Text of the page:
email a friend iconprinter friendly iconChanging Greenland
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But this morning, on the first day of summer 2009, the mood in Nuuk is jubilant: Greenland is celebrating the start of a new era. In November 2008 its citizens voted overwhelmingly for increased independence from Denmark, which has ruled Greenland in some form since 1721. The change is to become official this morning in a ceremony at Nuuk's harbor, the heart of the old colonial town. Queen Margrethe II of Denmark will formally acknowledge the new rela­tionship between her country and Kalaallit Nunaat, as the locals call their homeland.

Per Rosing, a slender 58-year-old Inuit man with a gentle manner and a graying black pony­tail, conducts the Greenland National Choir. "I'm just happy, totally happy," he says, putting a hand over his heart as we walk with a large crowd toward the harbor, down streets still wet from last night's freezing rain and snow. People are streaming out of Block P, Nuuk's biggest apartment building, which alone houses about one percent of Greenland's population. Its windowless, concrete end has become a frame for a defiantly optimistic work of art: a four-story-tall, white-and-red Greenlandic flag. A local artist sewed the flag with the help of schoolchildren from hundreds of articles of clothing.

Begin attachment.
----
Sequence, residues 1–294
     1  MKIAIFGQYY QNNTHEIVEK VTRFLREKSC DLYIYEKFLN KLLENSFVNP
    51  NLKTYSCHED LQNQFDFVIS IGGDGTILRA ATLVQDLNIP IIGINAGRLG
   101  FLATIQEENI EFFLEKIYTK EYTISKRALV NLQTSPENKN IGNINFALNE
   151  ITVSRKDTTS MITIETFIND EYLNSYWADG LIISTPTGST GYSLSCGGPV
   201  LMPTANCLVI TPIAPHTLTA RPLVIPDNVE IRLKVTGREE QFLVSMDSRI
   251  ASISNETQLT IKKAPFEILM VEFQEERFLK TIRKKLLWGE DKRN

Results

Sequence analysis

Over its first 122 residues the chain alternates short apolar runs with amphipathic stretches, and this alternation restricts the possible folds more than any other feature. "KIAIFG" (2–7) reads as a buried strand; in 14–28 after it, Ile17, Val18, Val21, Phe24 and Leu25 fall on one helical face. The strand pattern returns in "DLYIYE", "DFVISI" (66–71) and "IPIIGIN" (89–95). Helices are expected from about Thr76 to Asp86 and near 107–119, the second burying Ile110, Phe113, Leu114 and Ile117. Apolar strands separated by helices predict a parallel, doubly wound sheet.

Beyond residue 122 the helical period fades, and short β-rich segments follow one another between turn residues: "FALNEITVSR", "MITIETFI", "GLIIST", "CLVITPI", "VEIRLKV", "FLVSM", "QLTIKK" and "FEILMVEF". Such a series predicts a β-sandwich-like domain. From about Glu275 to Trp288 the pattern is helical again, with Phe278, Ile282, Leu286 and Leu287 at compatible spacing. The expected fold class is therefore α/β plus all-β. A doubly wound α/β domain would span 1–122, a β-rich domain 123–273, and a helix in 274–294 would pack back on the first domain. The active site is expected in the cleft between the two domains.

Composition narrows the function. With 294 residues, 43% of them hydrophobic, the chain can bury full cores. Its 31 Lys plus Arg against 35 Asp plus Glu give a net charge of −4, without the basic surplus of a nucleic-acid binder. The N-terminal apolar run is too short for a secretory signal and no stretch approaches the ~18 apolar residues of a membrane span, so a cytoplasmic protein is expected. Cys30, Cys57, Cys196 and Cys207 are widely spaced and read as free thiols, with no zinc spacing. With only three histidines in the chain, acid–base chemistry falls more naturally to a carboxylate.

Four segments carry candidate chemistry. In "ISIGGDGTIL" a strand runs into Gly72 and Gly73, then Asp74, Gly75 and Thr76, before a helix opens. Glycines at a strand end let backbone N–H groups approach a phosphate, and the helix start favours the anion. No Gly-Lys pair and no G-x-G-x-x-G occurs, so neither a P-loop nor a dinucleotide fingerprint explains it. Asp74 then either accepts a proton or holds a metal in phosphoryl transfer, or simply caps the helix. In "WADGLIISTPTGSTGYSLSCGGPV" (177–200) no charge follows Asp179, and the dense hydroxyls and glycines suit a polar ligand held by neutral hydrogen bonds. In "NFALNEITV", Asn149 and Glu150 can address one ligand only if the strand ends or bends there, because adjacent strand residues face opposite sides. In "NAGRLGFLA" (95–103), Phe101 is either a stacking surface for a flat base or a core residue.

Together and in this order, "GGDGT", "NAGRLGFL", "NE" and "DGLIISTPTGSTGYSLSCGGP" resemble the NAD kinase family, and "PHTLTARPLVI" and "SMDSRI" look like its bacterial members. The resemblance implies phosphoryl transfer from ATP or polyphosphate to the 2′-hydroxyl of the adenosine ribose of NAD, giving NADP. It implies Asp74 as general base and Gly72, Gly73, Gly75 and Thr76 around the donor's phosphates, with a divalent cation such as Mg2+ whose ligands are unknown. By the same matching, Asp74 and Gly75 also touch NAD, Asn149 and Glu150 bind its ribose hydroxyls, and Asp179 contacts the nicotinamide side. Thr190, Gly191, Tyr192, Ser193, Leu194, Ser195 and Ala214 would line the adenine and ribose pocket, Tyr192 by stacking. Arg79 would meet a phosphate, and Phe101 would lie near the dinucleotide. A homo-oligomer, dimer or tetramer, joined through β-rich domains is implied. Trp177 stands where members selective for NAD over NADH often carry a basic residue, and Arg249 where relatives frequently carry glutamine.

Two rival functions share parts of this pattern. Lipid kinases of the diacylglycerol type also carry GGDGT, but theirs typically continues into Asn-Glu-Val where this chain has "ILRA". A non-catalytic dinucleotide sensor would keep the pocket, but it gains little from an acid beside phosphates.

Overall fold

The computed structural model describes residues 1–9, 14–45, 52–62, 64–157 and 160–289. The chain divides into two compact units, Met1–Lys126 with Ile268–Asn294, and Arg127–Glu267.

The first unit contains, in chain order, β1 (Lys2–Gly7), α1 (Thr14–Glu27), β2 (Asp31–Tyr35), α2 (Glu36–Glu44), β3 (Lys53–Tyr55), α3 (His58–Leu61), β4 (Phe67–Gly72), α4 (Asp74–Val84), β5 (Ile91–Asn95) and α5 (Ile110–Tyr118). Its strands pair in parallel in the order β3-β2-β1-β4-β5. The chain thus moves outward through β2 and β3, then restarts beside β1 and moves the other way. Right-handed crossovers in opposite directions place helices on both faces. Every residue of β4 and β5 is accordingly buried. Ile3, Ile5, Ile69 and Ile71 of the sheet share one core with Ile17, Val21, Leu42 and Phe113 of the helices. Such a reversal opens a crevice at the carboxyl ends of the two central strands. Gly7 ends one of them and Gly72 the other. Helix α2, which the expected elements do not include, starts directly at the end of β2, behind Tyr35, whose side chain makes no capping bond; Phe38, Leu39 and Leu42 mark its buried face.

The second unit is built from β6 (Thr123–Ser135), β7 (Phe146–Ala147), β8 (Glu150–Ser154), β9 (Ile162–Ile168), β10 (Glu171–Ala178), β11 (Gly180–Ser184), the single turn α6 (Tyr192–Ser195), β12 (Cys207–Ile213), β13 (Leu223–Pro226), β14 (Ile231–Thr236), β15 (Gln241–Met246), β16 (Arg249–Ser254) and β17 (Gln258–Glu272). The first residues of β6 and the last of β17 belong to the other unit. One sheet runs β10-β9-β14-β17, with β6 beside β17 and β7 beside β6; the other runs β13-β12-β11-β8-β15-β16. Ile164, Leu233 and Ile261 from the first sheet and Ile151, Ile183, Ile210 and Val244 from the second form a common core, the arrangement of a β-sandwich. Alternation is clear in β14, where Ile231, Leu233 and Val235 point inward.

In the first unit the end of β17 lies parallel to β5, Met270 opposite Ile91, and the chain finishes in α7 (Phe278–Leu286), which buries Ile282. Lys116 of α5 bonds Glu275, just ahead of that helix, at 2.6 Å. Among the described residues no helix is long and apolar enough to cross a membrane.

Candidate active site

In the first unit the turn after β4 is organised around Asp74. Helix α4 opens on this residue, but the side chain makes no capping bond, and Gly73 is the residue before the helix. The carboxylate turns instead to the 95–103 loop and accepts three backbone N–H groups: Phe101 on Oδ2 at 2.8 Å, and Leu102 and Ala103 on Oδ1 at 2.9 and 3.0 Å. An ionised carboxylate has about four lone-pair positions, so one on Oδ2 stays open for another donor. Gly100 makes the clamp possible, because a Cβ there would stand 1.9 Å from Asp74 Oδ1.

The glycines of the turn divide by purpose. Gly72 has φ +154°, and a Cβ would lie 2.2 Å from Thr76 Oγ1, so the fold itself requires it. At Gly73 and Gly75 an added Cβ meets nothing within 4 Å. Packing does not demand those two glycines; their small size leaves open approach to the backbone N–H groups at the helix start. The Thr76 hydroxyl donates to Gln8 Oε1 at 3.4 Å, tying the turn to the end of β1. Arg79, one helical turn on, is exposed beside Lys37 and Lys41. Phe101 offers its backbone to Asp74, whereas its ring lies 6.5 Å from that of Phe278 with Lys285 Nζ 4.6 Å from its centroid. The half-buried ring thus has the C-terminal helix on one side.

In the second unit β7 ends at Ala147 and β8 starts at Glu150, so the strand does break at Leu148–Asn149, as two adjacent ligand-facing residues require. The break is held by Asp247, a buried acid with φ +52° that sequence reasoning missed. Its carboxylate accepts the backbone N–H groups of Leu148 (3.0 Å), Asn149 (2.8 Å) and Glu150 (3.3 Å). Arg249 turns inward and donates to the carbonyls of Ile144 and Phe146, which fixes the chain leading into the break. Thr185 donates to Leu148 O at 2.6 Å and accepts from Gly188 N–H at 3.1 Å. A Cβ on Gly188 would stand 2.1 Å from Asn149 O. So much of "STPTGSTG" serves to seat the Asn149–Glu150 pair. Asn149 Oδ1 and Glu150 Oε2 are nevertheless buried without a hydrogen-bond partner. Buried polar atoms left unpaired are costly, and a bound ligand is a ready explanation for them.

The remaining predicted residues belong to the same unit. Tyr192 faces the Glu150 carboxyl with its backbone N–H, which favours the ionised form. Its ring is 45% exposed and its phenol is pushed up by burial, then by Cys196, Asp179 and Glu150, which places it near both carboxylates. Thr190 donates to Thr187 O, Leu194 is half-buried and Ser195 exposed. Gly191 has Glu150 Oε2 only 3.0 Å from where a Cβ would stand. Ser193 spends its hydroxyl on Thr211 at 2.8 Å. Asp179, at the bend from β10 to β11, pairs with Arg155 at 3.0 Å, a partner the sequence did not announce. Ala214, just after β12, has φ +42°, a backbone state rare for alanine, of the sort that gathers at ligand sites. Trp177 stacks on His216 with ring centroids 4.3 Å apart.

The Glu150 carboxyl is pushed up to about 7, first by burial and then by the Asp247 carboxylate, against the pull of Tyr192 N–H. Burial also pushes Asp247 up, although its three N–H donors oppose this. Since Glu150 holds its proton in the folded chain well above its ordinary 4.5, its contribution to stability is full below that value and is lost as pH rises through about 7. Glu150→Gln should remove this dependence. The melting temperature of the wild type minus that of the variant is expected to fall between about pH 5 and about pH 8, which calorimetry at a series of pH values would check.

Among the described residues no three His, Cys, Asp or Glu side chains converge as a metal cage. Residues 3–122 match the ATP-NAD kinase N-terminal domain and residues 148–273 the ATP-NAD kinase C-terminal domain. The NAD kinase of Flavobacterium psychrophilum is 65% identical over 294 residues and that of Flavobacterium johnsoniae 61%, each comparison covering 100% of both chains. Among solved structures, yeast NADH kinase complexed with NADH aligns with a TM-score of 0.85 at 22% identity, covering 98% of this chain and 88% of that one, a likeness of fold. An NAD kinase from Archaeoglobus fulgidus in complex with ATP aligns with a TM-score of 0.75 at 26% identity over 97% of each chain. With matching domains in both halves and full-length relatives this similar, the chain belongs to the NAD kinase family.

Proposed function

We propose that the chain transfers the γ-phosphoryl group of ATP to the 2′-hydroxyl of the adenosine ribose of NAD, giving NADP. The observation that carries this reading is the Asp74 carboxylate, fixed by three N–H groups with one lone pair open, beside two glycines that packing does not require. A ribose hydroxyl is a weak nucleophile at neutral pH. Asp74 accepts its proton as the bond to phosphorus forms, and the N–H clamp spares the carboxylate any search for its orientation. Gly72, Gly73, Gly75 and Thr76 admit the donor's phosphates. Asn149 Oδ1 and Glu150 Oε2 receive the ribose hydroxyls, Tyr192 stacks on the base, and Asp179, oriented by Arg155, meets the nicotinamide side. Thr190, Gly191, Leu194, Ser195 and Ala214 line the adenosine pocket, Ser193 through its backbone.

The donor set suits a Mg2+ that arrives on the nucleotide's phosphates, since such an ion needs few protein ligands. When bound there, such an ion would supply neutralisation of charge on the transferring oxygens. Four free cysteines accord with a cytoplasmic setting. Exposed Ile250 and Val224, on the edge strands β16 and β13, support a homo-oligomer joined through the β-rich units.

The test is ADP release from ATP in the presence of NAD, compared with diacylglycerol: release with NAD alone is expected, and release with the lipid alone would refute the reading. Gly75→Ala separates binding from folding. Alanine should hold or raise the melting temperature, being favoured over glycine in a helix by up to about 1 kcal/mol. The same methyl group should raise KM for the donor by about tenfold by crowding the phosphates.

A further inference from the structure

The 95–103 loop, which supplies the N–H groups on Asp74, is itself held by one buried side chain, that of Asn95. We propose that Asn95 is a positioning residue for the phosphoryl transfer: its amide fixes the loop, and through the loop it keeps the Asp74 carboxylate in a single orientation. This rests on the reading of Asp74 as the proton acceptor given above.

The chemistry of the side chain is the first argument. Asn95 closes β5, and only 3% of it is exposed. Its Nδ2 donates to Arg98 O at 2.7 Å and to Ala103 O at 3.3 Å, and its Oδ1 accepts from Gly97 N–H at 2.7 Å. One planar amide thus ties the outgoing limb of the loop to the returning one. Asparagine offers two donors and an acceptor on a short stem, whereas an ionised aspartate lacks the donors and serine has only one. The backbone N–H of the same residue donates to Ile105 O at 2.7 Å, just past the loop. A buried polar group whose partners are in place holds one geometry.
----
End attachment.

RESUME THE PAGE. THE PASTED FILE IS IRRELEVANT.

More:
By 7:30 people are packed shoulder to shoulder on the dock. Others perch on the roofs of old wooden homes around the harbor; a few watch from kayaks, paddling just enough to stay put in calm, metallic-looking water. The ceremony begins with the choir singing Greenland's na­tional anthem, "Nunarput Utoqqarsuanngoravit—You, Our Ancient Land." Rosing turns to the crowd and gestures for everyone to join in. As of today, Kalaallisut, an Inuit dialect, is the official Greenlandic language, sup­planting Danish.

Then, shortly after eight o'clock, the Danish queen, wearing the traditional Inuit garb of a married woman—red, thigh-high, sealskin boots, or kamiks, a beaded shawl, and seal-fur shorts—presents the new self-government charter to Josef Tuusi Motzfeldt, the speaker of Greenland's Parliament. The crowd cheers, and a cannon fires on a hill above the harbor, sending a pressure wave through us like a shared infusion of adrenaline.

Under the new charter, Denmark still manages Greenland's foreign policy; the annual subsidy continues as well. But Greenland now exerts greater control over its own domestic affairs—and in particular, over its vast mineral resources. Without them, there's no chance that Greenland could ever become economically independent. Right now fishing accounts for more than 80 percent of Greenland's export income; shrimp and halibut are the mainstays. While halibut stocks are holding steady, shrimp populations have dropped. Royal Greenland, the state-owned fishing company, is bleeding money.

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